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Rim Joist Insulation Installation and Existing Foam Board

bmiller35 | Posted in General Questions on

Hello community,


I attempted my first home project as a home-owner over the weekend. I guess you can’t call it a fail, because it didn’t even get going. After researching for quite some time (with limited googling abilities, mind you), I haven’t quite found any information that answers my question(s). I’ve decided to ask you fine folk as a last attempt before doing what I probably should have done in the first place and hired a contractor.


Here’s a little information on the house: 

  • Constructed in 1988
  • End-unit townhome
  • Zone 4 (SE PA)
  • All electric utilities


After noticing quite a bit of heat loss around the windows (which are original) and the front door (which could use some weatherproofing) over the winter, I wondered what else could be done to help save money on my electric bill. I spent $75 for what the local energy company calls an “energy assessment plus.” Overall, I think it was worth the money. I‘m sure most of you are familiar with the process, so I will save you the explanation of everything he did and cut straight to the point.


Of the list of recommendations, he suggested insulating the rim joists in the basement first, and said it could be done without hiring a contractor for a few hundred dollars. Not being the handiest of men, I still felt confident this task could be completed. The plan was to clean out the rim joists, cut 2” XPs (side note: I will reconsider materials used since finding this site and considering environmental effect; recommendations welcome!) allowing a ½” gap on all sides, and air seal with expanding foam.


You can imagine my surprise when, after having removed the batting around the perimeter of the house, I found what appears to be 1” iso insulation already installed. Not that this is even a remotely good excuse, but I’m guessing the inspector missed it as there was still batting below the first floor.

Given that there is already insulation, my question is whether I can put additional foam board insulation up against the iso, or should I air seal the existing foam board and add batting to the rim joist? I watched way too many home renovations shows growing up to NOT be overly concerned about moisture issues in the basement.


Additionally, the insulation appears to be in pretty rough shape in certain spots. Is filling any obvious hole with a closed-cell expanding foam an appropriate remedy?


I’ve attached a few terrible pictures showing the current state. If any more pictures are needed I will gladly try and clear anything up.


Thanks so much for reading and I appreciate any advice you may be able to offer.

Have a great one,


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  1. bmiller35 | | #1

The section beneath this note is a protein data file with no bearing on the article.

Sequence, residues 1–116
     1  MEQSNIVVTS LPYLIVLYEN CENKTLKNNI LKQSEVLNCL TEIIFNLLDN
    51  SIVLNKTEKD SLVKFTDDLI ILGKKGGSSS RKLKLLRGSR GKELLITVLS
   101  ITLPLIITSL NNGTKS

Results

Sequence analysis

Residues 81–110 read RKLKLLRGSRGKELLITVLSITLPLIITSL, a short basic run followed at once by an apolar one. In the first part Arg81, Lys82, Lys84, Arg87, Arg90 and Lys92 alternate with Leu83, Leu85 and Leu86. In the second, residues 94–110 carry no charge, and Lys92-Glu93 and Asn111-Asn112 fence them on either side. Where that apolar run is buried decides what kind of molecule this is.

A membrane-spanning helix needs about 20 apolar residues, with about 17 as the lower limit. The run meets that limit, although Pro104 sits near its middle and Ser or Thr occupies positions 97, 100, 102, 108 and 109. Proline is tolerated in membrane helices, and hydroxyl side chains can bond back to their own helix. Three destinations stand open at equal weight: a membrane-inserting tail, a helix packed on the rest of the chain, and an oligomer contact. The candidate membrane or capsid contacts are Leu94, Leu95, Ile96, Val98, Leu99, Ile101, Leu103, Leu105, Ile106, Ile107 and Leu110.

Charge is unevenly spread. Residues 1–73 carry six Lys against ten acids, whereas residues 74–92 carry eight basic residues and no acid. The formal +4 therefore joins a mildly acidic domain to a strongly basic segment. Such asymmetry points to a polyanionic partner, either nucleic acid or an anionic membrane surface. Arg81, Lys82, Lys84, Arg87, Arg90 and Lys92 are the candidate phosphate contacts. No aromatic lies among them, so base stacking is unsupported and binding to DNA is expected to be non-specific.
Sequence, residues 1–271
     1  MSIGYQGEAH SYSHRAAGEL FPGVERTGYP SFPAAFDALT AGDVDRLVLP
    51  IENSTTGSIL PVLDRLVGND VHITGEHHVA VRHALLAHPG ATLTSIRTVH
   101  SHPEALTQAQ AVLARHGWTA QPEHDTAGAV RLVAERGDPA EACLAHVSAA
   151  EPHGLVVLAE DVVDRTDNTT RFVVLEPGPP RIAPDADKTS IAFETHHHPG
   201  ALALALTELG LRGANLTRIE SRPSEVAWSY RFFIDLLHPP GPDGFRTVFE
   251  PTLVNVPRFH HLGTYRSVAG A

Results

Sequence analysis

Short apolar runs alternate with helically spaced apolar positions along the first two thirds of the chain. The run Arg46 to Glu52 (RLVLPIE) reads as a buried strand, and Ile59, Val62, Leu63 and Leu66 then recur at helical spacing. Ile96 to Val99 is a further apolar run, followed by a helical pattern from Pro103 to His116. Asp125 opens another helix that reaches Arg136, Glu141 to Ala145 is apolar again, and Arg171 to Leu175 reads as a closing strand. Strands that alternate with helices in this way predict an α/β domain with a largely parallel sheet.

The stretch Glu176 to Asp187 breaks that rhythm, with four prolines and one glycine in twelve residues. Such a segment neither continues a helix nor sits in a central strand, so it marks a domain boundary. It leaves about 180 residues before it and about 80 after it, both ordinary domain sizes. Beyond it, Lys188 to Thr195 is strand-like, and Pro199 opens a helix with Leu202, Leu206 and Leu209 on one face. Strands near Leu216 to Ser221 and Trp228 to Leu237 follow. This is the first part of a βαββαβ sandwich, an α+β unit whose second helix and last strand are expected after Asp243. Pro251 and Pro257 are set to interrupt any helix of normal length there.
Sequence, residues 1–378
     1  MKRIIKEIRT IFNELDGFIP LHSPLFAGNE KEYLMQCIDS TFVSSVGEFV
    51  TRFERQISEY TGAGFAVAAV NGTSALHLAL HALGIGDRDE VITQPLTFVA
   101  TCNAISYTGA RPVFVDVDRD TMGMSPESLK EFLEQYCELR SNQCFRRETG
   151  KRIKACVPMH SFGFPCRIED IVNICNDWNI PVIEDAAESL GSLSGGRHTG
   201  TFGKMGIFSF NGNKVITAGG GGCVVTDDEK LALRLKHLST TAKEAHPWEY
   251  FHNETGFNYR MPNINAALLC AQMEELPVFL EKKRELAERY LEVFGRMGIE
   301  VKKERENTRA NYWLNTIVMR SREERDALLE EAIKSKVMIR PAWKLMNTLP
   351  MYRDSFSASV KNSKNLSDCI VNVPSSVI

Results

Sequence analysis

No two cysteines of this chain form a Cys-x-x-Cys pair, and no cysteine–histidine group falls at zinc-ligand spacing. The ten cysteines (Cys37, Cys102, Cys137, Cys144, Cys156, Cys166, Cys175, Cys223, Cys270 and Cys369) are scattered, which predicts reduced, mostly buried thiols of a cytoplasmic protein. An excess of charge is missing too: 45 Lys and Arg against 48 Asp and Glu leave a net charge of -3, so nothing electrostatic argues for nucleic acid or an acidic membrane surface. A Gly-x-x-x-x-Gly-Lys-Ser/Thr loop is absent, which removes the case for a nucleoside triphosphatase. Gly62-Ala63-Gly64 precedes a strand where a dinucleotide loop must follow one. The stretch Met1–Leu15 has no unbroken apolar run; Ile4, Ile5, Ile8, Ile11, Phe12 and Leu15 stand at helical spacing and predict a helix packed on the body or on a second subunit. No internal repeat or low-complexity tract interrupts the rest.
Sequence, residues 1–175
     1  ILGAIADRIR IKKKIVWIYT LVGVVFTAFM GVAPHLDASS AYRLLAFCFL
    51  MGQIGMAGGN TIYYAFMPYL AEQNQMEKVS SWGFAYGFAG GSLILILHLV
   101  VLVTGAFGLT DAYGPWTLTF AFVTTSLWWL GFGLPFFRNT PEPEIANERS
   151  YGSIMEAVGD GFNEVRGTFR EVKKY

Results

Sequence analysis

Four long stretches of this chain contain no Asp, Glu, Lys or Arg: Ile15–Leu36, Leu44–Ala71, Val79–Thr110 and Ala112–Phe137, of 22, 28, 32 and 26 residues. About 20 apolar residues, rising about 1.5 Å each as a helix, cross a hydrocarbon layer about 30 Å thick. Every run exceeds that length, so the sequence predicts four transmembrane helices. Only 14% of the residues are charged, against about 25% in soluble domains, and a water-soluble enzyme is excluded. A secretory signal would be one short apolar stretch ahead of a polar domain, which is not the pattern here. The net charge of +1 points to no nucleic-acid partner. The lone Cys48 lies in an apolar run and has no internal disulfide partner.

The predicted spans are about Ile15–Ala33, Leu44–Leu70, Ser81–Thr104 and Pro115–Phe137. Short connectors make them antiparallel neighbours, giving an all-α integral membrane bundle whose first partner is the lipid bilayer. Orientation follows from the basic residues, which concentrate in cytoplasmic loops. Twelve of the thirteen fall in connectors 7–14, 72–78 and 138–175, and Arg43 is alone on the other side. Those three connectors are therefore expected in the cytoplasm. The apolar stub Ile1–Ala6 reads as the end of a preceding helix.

Few more pictures

  2. Expert Member
    PETER G ENGLE PE | | #2

    Since the iso is friction fit, you have the opportunity to pull it out and inspect for water damage. I would recommend this. In answer to your question, you can certainly air seal around it with canned foam. If you've already purchased the XPS for the job, there is no harm done adding it on top of the iso. If the iso provides at least 1/3 of the R-value in the cavity, you can use fluffy insulation for the rest if you want. Using rigid foam for all of the R-value is also OK.

    1. bmiller35 | | #3

      Hi Peter, thanks so much for your response.

      Luckily, I measured before going to the hardware store to pick up supplies, so nothing was purchased.

      I just tried removing the iso in a location where I saw seams, so I thought it might come out easier...really hoping you all don't tell me this is bad. The board is pretty sturdy, by the way. To remove it from the other locations where no seam is evident is going to be...messy. On the other hand, if there IS NO WOOD on the other side to worry about, should I just air seal and insulate further if desired?

  3. GBA Editor
    Kiley Jacques | | #4

    Since you mentioned reconsidering materials, here is a product to know about and that would work in your application: XPS Makers Announce More Planet-Friendly Formulations.

    1. bmiller35 | | #6

      I absolutely would. Thanks for the link, Kiley!

  4. bmiller35 | | #5

    Sorry to ask so many questions. My head is spinning! Here are some that are coming to mind...

    1) There are a few locations around the foundation where there are multiple holes in the iso, especially on the back side where the patio is attached. Do I try to fill obvious holes in iso with expanding foam, or nicely cut out and replace with iso (sealed with foam)? My gut is saying cutout, as then you can see what is going on behind it? In either case, I'll need spray foam, which brings us to..

    2)What spray foam should I buy for filling gaps and to air seal the insulation? I was leaning towards the low pressure formula as I would not want it to affect the brick on the other side. But I could be way off!

    3) If above is all correct, I will buy some XPS or other insulation at 2" and insulate behind the iso; the air seal has to occur at the iso, right?

    Thanks again, everyone.

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